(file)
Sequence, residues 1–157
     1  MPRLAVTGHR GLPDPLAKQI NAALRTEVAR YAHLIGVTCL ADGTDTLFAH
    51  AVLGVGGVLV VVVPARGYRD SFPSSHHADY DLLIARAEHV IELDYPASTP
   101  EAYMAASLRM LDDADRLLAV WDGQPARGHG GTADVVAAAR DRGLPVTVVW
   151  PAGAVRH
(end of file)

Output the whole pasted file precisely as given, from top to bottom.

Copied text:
Sequence, residues 1–157
     1  MPRLAVTGHR GLPDPLAKQI NAALRTEVAR YAHLIGVTCL ADGTDTLFAH
    51  AVLGVGGVLV VVVPARGYRD SFPSSHHADY DLLIARAEHV IELDYPASTP
   101  EAYMAASLRM LDDADRLLAV WDGQPARGHG GTADVVAAAR DRGLPVTVVW
   151  PAGAVRH